Linked by Thom Holwerda on Tue 30th Jan 2007 23:40 UTC, submitted by anonymous
BeOS & Derivatives "As World+Dog gets its head around Windows Vista, lets look back at an operating system that might have been a contender, very nearly becoming Apple's next-generation OS and, but for Linux, almost certainly the key alternative to Windows on x86. Ladies and gentlemen, who remembers BeOS?"
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So so article...
by pcummins on Wed 31st Jan 2007 04:59 UTC
pcummins
Member since:
2005-07-10

BeOS was pretty interesting at the time when you compared it to Mac OS 8/9, Windows 98/NT and Linux 2.0 (maybe RH5 or 6?). It had some cool features and pushed processing into SMP territory which was pretty rare back in the late 90's on a desktop computer.

The BeBox was pretty nifty by losing the L2 cache in favour of twin 603e CPU's, but nowadays it's quite slow from personal experience the last time I checked it out. The later Intel BeOS 5 ran circles around it on 400+ mHz Intel boxes with superior graphics hardware that had proper drivers.

Probably the biggest fault BeOS had was it didn't really have the driver support it needed compared to Linux's kernel drivers as well as no true blue Unix compatibility layer (it did support quite a bit, but not as much as GNU/Linux with X, libraries, etc). Just getting critical mass to support the BeOS API's was a bit of a tough ask.

These days again and again it's hardware support and application support that matters. All "the snap" and "way cool API's" don't mean much if you can't run the hardware you own and you can't run the applications you own.

Reply Score: 2

RE: So so article...
by ari-free on Wed 31st Jan 2007 05:15 in reply to "So so article..."
ari-free Member since:
2007-01-22

what you are saying is true but at the same time, you can have all the hardware support like linux and not really go anywhere unless you have something 'cool' enough to get people to switch.

Steve Jobs has something 'cool.' It is NOT about dev tools or whether it has this or that feature. Do people care that MacOSX doesn't have OLE, a basic feature Windows had for years? That's not cool-that's "business."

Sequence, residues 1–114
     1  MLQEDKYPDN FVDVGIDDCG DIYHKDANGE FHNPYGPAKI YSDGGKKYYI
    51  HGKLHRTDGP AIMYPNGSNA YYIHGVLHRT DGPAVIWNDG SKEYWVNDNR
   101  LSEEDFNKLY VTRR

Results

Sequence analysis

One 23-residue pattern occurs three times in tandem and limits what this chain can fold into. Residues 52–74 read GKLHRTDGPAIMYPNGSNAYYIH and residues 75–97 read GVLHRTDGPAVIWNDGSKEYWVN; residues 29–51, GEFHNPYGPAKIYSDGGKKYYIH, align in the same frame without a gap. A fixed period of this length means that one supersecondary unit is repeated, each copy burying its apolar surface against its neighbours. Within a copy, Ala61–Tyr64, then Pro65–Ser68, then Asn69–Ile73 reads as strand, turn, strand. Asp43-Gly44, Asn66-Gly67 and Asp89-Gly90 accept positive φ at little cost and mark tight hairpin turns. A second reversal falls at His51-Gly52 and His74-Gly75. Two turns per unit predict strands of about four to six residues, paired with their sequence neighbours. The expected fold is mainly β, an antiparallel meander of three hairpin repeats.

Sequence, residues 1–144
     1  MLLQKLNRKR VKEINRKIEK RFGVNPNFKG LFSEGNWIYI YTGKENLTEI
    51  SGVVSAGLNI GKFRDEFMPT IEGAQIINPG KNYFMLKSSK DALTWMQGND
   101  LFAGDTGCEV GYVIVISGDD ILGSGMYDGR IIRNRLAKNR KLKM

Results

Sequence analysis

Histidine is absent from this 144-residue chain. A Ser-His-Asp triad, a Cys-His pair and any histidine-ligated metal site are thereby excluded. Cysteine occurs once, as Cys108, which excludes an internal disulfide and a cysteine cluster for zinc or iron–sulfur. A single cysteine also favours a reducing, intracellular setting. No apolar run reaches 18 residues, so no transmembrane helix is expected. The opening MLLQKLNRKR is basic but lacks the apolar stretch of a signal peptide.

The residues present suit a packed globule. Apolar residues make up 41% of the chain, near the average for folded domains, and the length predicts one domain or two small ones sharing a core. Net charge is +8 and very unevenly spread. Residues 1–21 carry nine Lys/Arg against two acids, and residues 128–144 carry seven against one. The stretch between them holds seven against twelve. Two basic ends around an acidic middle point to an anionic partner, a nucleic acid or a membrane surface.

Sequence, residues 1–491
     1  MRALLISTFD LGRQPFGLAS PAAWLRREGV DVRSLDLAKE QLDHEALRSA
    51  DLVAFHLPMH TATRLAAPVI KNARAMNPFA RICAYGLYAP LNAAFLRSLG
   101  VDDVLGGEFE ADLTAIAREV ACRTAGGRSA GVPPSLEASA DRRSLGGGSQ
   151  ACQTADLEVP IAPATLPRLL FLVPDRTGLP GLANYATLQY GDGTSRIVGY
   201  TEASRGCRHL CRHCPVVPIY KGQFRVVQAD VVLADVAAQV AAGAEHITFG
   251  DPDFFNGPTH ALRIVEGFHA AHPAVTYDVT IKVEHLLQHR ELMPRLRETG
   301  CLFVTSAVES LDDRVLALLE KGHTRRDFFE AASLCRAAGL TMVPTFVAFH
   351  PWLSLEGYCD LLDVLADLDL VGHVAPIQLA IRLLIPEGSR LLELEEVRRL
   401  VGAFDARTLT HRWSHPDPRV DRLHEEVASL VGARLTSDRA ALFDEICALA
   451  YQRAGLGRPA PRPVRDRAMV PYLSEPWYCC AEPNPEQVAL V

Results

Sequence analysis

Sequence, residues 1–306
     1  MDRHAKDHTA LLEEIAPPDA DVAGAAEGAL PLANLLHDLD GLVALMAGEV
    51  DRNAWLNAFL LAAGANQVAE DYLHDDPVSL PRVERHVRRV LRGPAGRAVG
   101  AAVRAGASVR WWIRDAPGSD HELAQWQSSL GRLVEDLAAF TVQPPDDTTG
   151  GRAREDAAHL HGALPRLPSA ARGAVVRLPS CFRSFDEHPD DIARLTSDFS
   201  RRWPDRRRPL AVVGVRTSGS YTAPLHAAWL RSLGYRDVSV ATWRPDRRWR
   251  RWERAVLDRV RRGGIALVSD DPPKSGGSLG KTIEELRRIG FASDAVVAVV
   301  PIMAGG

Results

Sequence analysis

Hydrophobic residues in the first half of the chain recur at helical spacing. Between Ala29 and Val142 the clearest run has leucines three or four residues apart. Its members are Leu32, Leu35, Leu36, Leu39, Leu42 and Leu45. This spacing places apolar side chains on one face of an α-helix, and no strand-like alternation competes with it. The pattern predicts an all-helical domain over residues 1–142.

If it was about the dev tools...checks the want ads for Objective C experience... Checks the number of business apps and games for macs...

Edited 2007-01-31 05:18

Reply Parent Score: 1

RE[2]: So so article...
by Rayz on Wed 31st Jan 2007 13:51 in reply to "RE: So so article..."
Rayz Member since:
2006-06-24

Exactly.

Reply Parent Score: 1

RE[2]: So so article...
by pcummins on Sat 3rd Feb 2007 03:38 in reply to "RE: So so article..."
pcummins Member since:
2005-07-10

As I was saying, people want to run the programs that they own already (or are familiar with already) and utilise their existing hardware. BeOS didn't really have it on both fronts (people wanted IE rather than NetPositive, MS Office rather than Gobe Productive), neither does GNU/Linux (but it's getting there slowly with Open Office). My experience on BeOS 5 on Intel was "yeah, it's OK. Just don't see average Joe using this, however. No apps. No games. No nothing, really. Oh, and no good support for my GeForce 256 so I run in 16 colours kind of puts me off."

As you surmise, the only way to compete is to provide something that's cool, integrated and it "just works". That's what Apple is proving time and time again. However, don't forget Apple also supports quite a few bits of hardware and software so people can get on with work when they don't need to do their "cool" stuff.

I'm not sure how successful Apple would be if there were no business applications or games like MS Office, Quicken, MYOB or WoW. That was a major complaint against Apple back in the 90's. Nowadays, people are more willing to compromise and learn new applications, but there's still a large number of "indocrinated" users out there that refuse to learn anything that's new (or different) to a large degree. (IT admins are particularly bad, when I think about it).

Ultimately, I think software developers need to provide the existing applications to users, then work on a limited subset application base that "just works" and does what say, the 90% of users want. We've been seeing some of this (Firefox/Thunderbird vs Mozilla/Netscape, AppleWorks vs MS Office, iPhoto vs say, Photoshop, iMovie/iDVD vs AVID/Adobe Premiere) but I don't think it's a formalised objective yet.

Users want simplicity and ease of use. If they don't get that 90% done and need the extra 10%, they can go out and find an application that will do it, but don't try to provide that last 10% at the risk of alienating the 90% of users who just want something that "just works".

Reply Parent Score: 1